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ZZ Top bassist Dusty Hill dies at 72

The band announced that Hill died at home in his sleep on Wednesday.
FILE - Dusty Hill, left, and Billy Gibbons from U.S rock band ZZ Top perform at the Glastonbury music festival in Somerset, England, June 24, 2016. ZZ Top has announced that Hill, one of the Texas blues trio's bearded figures and bassist, has died at his Houston home. He was 72. In a Facebook post, bandmates Billy Gibbons and Frank Beard revealed Wednesday, July 29, 2021, that Hill had died in his sleep.
FILE - Dusty Hill, left, and Billy Gibbons from U.S rock band ZZ Top perform at the Glastonbury music festival in Somerset, England, June 24, 2016. ZZ Top has announced that Hill, one of the Texas blues trio's bearded figures and bassist, has died at his Houston home. He was 72. In a Facebook post, bandmates Billy Gibbons and Frank Beard revealed Wednesday, July 29, 2021, that Hill had died in his sleep. [ JONATHAN SHORT | AP ]
Published Jul. 28
Updated Jul. 28

HOUSTON (AP) — ZZ Top bassist Dusty Hill, one of the Texas blues rock trio’s bearded figures, died at his Houston home, the band announced Wednesday. He was 72.

In their Facebook post, guitarist Billy Gibbons and drummer Frank Beard said Hill died in his sleep. They didn’t give a cause of death, but a July 21 post on the band’s website said Hill was “on a short detour back to Texas, to address a hip issue.”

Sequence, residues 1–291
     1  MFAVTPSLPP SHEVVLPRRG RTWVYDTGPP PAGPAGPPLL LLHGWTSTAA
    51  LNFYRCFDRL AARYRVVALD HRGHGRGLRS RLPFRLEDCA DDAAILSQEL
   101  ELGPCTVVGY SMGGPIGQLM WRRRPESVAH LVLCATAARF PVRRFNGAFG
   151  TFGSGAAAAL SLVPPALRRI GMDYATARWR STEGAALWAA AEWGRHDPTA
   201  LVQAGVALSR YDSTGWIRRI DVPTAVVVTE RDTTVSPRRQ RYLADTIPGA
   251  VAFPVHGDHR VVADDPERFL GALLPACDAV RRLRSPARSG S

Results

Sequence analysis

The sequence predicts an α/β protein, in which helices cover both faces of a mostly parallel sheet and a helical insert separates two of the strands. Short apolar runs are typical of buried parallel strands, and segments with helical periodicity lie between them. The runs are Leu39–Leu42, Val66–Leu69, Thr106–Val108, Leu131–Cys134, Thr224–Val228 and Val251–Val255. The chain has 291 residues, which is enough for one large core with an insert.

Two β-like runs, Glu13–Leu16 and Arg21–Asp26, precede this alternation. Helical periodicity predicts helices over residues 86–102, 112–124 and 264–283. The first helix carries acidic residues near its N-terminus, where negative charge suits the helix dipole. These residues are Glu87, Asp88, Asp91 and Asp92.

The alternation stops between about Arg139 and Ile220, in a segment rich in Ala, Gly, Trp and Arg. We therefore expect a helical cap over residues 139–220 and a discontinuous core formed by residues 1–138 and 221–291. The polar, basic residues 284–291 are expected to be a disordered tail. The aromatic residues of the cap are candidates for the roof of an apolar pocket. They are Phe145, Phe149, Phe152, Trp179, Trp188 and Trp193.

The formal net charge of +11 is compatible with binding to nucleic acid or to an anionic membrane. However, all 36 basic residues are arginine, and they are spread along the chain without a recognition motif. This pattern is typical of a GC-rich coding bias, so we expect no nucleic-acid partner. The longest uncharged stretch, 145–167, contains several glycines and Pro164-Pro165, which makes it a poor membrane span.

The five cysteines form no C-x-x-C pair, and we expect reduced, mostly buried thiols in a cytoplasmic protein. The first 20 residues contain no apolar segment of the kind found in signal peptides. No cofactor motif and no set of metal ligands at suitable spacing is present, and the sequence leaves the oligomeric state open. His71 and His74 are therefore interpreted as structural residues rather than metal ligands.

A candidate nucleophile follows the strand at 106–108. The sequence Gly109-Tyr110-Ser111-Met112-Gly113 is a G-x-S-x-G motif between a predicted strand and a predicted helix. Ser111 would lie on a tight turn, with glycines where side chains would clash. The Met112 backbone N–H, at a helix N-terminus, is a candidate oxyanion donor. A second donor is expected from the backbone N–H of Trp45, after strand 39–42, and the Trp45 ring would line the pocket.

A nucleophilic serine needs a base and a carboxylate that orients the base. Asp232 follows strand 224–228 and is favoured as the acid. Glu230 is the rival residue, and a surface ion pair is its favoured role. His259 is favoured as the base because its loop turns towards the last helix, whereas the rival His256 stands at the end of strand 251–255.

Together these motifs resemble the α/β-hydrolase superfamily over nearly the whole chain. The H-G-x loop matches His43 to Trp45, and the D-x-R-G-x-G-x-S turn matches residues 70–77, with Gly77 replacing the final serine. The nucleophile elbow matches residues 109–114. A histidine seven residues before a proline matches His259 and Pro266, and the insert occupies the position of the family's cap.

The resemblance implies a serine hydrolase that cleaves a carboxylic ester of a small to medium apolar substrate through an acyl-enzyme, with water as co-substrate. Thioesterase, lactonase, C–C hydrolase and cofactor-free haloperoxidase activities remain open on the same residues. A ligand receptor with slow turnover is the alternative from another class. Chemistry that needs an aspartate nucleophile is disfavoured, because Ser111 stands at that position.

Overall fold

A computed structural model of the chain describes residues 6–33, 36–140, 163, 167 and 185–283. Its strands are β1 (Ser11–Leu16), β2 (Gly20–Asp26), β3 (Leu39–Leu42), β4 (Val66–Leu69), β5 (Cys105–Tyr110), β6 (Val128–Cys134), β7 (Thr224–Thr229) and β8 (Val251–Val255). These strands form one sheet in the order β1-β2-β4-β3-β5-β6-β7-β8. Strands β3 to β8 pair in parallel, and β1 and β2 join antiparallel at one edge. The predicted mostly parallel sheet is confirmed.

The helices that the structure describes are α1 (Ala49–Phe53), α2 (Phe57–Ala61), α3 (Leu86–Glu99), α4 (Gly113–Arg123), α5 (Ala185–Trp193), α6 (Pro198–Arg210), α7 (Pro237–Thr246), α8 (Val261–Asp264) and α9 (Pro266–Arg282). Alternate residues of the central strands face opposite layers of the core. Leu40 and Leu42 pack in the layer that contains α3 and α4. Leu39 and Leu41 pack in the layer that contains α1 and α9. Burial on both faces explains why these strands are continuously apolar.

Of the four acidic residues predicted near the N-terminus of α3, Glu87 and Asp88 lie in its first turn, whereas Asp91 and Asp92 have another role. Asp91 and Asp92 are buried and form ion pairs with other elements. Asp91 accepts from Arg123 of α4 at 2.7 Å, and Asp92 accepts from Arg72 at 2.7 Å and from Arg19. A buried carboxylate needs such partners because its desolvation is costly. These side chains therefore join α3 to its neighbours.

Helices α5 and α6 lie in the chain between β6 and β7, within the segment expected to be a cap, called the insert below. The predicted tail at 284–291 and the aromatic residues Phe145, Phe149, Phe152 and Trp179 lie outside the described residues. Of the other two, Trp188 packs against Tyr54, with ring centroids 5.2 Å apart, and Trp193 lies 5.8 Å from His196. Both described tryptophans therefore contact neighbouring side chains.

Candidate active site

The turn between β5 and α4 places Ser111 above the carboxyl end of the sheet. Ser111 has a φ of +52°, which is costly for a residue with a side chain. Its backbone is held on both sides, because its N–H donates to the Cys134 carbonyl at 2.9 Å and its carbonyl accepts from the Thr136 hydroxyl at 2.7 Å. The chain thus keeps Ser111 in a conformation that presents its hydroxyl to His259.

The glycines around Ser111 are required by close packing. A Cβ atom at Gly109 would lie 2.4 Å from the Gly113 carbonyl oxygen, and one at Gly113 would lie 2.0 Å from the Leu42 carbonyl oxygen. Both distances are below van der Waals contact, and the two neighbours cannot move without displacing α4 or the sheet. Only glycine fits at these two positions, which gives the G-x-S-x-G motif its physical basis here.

At that time, the band said its longtime guitar tech, Elwood Francis, would fill in on bass, slide guitar and harmonica.

Born Joe Michael Hill in Dallas, he, Gibbons and Beard formed ZZ Top in Houston in 1969. The band released its first album, titled ZZ Top’s First Album, in 1970. Three years later it scored its breakthrough hit, La Grange, which is an ode to the Chicken Ranch, a notorious brothel outside of a Texas town by that name.

The band went on to chart the hits “Tush” in 1975, Sharp Dressed Man, Legs and Gimme All Your Lovin’ in 1983, and Rough Boy and Sleeping Bag in 1985.

The band’s 1976 “Worldwide Texas Tour,” with its iconic Texas-shaped stage festooned with cactuses, snakes and longhorn cattle, was one of the decade’s most successful rock tours.

The band was inducted into the Rock and Roll Hall of Fame in 2004. Said Rolling Stones lead guitarist Keith Richards in introducing the band to the Hall: “These cats are steeped in the blues, so am I. These cats know their blues and they know how to dress it up. When I first saw them, I thought, ‘I hope these guys are not on the run, because that disguise is not going to work.’”

That look — with all three members wearing dark sunglasses and the two frontmen sporting long, wispy beards — became so iconic as to be the subject of a New Yorker cartoon and a joke on “The Simpsons.”

Related: ZZ Top coming to Tampa in November.